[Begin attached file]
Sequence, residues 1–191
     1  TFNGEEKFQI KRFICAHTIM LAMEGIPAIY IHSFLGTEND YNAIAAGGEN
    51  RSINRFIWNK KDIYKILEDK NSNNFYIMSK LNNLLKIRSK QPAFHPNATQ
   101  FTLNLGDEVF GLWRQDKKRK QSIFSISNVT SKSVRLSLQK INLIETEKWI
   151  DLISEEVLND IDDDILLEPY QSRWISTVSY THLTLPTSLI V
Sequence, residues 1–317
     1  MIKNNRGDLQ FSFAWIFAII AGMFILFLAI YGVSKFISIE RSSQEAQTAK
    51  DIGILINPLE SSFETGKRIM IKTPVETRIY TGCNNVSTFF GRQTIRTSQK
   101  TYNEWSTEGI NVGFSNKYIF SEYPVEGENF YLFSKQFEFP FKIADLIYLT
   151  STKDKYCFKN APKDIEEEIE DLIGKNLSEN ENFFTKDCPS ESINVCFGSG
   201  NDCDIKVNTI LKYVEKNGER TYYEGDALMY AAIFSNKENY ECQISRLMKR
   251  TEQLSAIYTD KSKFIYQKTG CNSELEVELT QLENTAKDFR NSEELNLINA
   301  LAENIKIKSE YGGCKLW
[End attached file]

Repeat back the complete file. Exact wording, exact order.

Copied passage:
Sequence, residues 1–191
     1  TFNGEEKFQI KRFICAHTIM LAMEGIPAIY IHSFLGTEND YNAIAAGGEN
    51  RSINRFIWNK KDIYKILEDK NSNNFYIMSK LNNLLKIRSK QPAFHPNATQ
   101  FTLNLGDEVF GLWRQDKKRK QSIFSISNVT SKSVRLSLQK INLIETEKWI
   151  DLISEEVLND IDDDILLEPY QSRWISTVSY THLTLPTSLI V
Sequence, residues 1–317
     1  MIKNNRGDLQ FSFAWIFAII AGMFILFLAI YGVSKFISIE RSSQEAQTAK
    51  DIGILINPLE SSFETGKRIM IKTPVETRIY TGCNNVSTFF GRQTIRTSQK
   101  TYNEWSTEGI NVGFSNKYIF SEYPVEGENF YLFSKQFEFP FKIADLIYLT
   151  STKDKYCFKN APKDIEEEIE DLIGKNLSEN ENFFTKDCPS ESINVCFGSG
   201  NDCDIKVNTI LKYVEKNGER TYYEGDALMY AAIFSNKENY ECQISRLMKR
   251  TEQLSAIYTD KSKFIYQKTG CNSELEVELT QLENTAKDFR NSEELNLINA
   301  LAENIKIKSE YGGCKLW